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soda tax

The Stroger Legacy And Cook County

In 2010, as public support of county government waned, then-Cook County Board President Todd Stroger lost the Democratic primary to Toni Preckwinkle. Now, years later, Stroger is running for public office again and is rejoining the debate on county and city government. On this edition of Against the Current, Dan Proft asks Stroger what he thinks his legacy is, and what he wants to see from Cook County and Chicago moving forward. Proft and Stroger discuss and debate pensions, patronage and the best ways to provide jobs and opportunity for Cook County residents, as well as a range of other topics, in one of the most extensive interviews Stroger has done since leaving his post as Cook County Board President.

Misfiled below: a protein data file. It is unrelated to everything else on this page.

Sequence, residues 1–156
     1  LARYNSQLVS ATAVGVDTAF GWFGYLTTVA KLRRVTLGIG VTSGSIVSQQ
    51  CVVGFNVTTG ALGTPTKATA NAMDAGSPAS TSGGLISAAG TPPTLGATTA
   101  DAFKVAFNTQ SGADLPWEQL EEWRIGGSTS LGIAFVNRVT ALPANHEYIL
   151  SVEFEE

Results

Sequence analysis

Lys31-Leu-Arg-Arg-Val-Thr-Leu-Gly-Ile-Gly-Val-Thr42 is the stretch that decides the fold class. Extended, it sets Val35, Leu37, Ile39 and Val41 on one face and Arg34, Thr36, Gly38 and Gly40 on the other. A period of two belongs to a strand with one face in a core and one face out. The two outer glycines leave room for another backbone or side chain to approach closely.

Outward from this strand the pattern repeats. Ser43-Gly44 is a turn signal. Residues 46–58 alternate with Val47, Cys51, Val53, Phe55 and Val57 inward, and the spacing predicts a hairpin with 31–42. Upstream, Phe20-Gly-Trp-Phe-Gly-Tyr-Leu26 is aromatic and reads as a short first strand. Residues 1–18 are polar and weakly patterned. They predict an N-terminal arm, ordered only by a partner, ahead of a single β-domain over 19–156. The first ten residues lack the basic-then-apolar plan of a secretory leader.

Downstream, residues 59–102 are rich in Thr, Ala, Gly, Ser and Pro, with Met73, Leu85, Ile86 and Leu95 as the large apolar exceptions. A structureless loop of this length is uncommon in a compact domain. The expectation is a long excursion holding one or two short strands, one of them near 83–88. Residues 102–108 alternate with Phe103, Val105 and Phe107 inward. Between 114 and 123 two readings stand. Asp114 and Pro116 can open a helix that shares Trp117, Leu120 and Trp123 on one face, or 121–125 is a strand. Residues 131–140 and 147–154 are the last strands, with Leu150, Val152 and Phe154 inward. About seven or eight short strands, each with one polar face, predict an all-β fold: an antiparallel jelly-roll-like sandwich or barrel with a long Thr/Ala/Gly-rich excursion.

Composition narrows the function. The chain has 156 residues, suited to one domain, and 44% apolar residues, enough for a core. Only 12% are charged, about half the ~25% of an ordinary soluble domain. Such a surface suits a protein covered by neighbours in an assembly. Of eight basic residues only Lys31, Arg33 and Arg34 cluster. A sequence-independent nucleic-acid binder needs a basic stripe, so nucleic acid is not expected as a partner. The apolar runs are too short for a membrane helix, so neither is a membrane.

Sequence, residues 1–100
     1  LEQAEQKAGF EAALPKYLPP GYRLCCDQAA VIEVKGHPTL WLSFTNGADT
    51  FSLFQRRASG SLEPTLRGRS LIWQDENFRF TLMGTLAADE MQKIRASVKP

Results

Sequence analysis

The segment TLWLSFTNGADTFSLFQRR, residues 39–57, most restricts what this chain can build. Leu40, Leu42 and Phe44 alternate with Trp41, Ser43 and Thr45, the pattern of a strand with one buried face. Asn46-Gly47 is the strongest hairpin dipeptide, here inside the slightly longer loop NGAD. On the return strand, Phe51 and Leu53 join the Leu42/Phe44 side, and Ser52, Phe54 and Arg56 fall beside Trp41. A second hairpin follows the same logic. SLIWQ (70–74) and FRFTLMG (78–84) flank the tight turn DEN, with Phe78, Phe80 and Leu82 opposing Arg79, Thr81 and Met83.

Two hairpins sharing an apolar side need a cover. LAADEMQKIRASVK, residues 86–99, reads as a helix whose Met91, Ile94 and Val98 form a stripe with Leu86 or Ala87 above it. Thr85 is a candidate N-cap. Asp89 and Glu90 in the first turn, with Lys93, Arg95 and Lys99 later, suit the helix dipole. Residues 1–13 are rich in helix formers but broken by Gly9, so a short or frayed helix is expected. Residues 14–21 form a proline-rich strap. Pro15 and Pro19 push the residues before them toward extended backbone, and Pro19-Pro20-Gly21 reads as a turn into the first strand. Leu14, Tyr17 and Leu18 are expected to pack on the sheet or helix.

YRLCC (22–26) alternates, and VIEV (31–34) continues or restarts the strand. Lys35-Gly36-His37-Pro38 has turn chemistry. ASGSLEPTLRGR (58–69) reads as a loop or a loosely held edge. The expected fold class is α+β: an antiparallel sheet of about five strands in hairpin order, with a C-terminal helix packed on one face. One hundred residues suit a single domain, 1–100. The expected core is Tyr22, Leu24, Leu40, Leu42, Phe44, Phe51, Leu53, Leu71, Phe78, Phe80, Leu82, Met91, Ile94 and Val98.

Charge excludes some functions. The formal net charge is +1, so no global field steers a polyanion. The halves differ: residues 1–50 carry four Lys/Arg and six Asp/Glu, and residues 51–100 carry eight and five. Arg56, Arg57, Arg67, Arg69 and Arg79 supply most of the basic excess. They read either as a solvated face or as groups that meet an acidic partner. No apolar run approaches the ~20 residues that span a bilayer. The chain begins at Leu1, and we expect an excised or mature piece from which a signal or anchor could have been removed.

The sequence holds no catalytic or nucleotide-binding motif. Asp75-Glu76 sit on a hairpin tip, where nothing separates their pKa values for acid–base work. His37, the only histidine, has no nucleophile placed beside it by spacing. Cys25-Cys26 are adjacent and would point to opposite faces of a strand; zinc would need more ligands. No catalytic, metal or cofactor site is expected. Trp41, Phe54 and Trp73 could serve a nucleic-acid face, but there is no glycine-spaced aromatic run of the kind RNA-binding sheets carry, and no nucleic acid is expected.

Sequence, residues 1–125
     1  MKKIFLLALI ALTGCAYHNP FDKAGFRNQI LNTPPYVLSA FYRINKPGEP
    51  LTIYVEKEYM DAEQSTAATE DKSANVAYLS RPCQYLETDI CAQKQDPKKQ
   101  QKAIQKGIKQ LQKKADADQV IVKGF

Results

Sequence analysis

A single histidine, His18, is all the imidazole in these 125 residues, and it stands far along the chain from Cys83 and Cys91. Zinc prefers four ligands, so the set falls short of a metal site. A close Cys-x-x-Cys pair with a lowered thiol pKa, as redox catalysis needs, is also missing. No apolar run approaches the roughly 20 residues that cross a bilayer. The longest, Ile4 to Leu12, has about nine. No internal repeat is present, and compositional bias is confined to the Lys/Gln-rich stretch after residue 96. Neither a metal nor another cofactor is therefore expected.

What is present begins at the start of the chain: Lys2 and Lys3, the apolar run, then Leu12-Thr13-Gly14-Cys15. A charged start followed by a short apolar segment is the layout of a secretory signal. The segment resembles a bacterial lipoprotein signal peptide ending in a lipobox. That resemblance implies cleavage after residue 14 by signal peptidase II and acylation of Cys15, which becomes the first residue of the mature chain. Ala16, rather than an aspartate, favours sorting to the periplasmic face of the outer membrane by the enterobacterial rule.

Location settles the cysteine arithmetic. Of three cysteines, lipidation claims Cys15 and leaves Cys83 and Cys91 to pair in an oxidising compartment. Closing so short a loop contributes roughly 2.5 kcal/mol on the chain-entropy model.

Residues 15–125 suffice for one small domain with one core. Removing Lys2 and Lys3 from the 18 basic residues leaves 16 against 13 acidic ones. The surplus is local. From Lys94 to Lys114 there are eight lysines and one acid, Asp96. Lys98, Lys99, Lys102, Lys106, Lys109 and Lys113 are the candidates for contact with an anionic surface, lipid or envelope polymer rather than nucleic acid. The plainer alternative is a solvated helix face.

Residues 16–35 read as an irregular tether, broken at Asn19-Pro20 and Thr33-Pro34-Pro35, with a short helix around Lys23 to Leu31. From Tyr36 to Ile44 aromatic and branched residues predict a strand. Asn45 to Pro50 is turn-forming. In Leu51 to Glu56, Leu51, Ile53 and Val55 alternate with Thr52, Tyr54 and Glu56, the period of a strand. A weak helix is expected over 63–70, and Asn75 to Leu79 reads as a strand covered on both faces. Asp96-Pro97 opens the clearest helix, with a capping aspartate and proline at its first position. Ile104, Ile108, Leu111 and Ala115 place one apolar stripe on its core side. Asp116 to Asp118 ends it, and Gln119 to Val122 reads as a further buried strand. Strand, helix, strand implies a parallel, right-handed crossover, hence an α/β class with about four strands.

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How Well Does Cook County Government Work For Its Residents?

Cook County residents are outraged about the County's sweetened beverage tax, which could be repealed this October. How were the county board and Cook County President Toni Preckwinkle so tone deaf on the issue? On this edition of Against the Current, one of the tax's strongest opponents, Commissioner Richard Boykin, tells Dan Proft how Preckwinkle and many other commissioners ignored citizens' concerns. Proft and Boykin also debate the merits of hiking the minimum wage, and they discuss how to tackle the county's gun violence problem. This and more important county policy topics on this edition of Against the Current.